By Jordan Fabian - 01/04/16 03:19 PM EST
President Obama defended his plan to take executive action on guns on Monday, saying the proposals are within his legal authority and consistent with the Constitution.
“I’m … confident that the recommendations that are being made by my team here are ones that are entirely consistent with the Second Amendment and people’s lawful right to bear arms,” the president said following an Oval Office meeting with Attorney General Loretta Lynch.
Obama did not announce the specific steps he plans to take but said they would be rolled out “over the next several days.” He is expected to broaden background check requirements by forcing sellers at gun shows and on the Internet to register as federally licensed gun dealers.
The president is gearing up for a battle with Republicans in Congress and on the presidential campaign trail, who have slammed the measures as unconstitutional and outside the scope of his presidential authority.
Speaker Paul RyanPaul RyanOvernight Finance: GOP faces dilemma on spending bills | CEOs push Congress on tax rules | Trump talks energy Overnight Energy: Trump outlines 'America First' energy plan in North Dakota Bible verse prompts GOP walkout after LGBT vote labeled a sin MORE (R-Wis.) said Monday “the president is at minimum subverting the legislative branch, and potentially overturning its will.”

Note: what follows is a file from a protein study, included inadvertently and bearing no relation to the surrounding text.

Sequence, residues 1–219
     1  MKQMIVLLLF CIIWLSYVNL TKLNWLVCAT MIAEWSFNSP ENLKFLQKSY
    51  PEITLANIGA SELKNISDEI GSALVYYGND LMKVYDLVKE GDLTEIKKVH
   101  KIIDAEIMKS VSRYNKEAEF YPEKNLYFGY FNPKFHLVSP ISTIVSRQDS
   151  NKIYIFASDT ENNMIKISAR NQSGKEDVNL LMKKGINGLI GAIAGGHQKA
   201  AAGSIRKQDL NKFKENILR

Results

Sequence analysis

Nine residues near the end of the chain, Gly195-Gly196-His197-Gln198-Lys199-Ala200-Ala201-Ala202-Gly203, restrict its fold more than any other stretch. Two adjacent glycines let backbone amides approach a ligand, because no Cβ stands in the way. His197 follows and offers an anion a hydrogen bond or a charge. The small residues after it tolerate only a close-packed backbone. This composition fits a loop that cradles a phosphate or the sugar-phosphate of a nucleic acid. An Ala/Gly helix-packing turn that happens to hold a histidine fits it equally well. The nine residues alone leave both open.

“This is a dangerous level of executive overreach, and the country will not stand for it,” he said in a statement.
Stymied by Congress on past efforts to pass new gun-control laws, Obama has been weighing a series of executive actions since an October mass shooting at a community college in Oregon.
The president said the measures would not “solve every violent crime in this country” or “prevent every mass shooting." But he said they would “potentially save lives in this country and spare families the pain and the extraordinary loss they have suffered as a consequence of a firearm being in the hands of the wrong people.”